–Long-term psychotherapy accounts for only 15.7% of psychotherapy
For further reading:
1 – ‘To Reap Psychotherapy’s Benefits, Get a Good Fit’ – A terrific article by Howard Friedman in the New York Times about the importance of finding the right therapist.
2 – American Therapy: The Rise of Psychotherapy in America – This new book by Jonathan Engle traces the evolution of American mental healthcare covering contributions of personalities, theories and techniques in psychiatry, psychology and social work.
(Photos: SCSSAPICS, Pascale PirateChickan)
One of PTSD’s most extreme symptoms is our tendency to avoid anything and everything that reminds us of our trauma. However, avoidance only feeds our traumatic feelings and encourages us to continue to embrace and act upon them. Exposure therapy – the opposite of the typical, self-prescribed avoidance approach – aims at ending the cycle once and for all. While avoidance may provide temporary relief, it just doesn’t last. Facing these triggers is the key to reducing the frequency and severity of PTSD symptoms. According to an article on Medical News Today exposure therapy has proven to actually intercept the progression of trauma survivors from Acute Stress Disorder to PTSD. Now that’s something to think about. Very popular with all kinds of trauma and particularly the military, PTSD Facts For Health defines exposure therapy this way: Exposure therapy is based on the principle that we get used to things that are just annoying and not truly dangerous. This is called habituation, and it occurs naturally in over 95% of people…. Exposure therapy is based on the idea that this kind of habituation must occur in the person who has been traumatized if they are to overcome PTSD. Exposure therapy asks patients to confront, in a safe way, the very situations, objects, people and memories they have attached to the trauma (and are probably very consciously avoiding).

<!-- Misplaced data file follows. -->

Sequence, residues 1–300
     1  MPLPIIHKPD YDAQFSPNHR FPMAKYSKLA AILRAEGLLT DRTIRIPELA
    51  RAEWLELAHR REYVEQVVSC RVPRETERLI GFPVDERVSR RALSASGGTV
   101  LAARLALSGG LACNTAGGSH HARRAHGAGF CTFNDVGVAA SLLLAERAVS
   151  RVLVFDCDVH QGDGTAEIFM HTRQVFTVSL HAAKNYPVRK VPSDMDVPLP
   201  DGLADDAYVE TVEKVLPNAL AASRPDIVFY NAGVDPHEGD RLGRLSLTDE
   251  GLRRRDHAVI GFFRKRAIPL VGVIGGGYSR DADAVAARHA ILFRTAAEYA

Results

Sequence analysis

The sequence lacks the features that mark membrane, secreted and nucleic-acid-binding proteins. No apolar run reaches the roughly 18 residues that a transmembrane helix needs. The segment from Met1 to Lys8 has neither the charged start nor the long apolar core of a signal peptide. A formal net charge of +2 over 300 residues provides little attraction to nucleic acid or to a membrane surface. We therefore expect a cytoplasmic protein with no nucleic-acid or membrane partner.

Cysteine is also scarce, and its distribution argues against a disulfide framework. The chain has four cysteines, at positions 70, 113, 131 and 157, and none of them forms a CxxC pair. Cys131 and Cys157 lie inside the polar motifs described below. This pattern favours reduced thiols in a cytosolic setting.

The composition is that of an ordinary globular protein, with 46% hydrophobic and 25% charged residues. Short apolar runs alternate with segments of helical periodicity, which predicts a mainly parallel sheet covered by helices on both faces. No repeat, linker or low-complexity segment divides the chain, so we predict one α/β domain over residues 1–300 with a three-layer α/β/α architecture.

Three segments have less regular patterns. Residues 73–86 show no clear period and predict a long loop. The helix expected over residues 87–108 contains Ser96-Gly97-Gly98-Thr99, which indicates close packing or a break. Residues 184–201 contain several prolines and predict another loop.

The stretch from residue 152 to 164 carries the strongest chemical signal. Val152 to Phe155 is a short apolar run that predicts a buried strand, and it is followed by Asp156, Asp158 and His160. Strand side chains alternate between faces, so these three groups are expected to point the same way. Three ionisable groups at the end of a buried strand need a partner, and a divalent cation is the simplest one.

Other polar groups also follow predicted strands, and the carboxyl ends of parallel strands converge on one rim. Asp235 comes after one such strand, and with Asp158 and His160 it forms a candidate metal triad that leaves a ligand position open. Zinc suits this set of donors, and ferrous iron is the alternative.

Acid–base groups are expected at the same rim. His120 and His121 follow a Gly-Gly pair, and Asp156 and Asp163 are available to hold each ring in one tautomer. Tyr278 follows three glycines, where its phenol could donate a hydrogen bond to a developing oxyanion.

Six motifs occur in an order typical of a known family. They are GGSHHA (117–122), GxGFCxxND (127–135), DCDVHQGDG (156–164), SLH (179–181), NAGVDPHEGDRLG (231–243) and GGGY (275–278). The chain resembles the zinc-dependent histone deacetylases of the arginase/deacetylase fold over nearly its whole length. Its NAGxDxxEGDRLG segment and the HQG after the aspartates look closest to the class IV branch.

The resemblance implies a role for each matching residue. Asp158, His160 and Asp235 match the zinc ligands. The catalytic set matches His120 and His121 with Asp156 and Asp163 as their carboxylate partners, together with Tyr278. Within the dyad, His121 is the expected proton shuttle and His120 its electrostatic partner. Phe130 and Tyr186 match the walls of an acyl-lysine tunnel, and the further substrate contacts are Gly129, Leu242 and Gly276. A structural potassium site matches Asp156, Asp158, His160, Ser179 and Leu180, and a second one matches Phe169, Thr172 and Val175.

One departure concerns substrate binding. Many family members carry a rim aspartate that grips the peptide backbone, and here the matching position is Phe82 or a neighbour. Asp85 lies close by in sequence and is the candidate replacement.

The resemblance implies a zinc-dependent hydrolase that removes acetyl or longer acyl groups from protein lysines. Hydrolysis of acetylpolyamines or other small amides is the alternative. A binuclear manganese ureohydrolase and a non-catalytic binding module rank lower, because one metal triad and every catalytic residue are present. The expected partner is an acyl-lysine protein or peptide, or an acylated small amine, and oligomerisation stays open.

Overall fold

(Photo: The U.S. Army)
In group therapy, you talk with a group of people who also have been through a trauma and who have PTSD. Sharing your story with others may help you feel more comfortable talking about your trauma. This can help you cope with your symptoms, memories, and other parts of your life. Group therapy helps you build relationships with others who understand what you’ve been through. You learn to deal with emotions such as shame, guilt, anger, rage, and fear. Sharing with the group also can help you build self-confidence and trust. You’ll learn to focus on your present life, rather than feeling overwhelmed by the past.
Run by a mental health practitioner (whose goal is to guide the group in self-discovery and evoltuion) group therapy is either structured around a time frame or a topic; a group agrees to meet for a set number of sessions, or meets indefinitely about a controlled topic. Most groups contain up to 12 members. Time limited groups have a distinct beginning, middle and end and are usually closed. Meaning, once the group begins others cannot join. They usually meet for 8 – 20 sessions and is geard toward the accomplishment of a goal set at the beginning. Group members are homogenous in that they all share some similar background traits, diagnoses and are working toward the same end. These groups tend to be skills management and development oriented. Topic focused groups are more heterogenous; members come from varying backgrounds and bring varying psychological issues to the group forum. These groups are more open-ended in their approach to the time frame of achieving goals. These groups tend to be single-issues groups, ie. PTSD, depression, anxiety disorders, etc. Since these groups are unending people leave and enter the group at any time.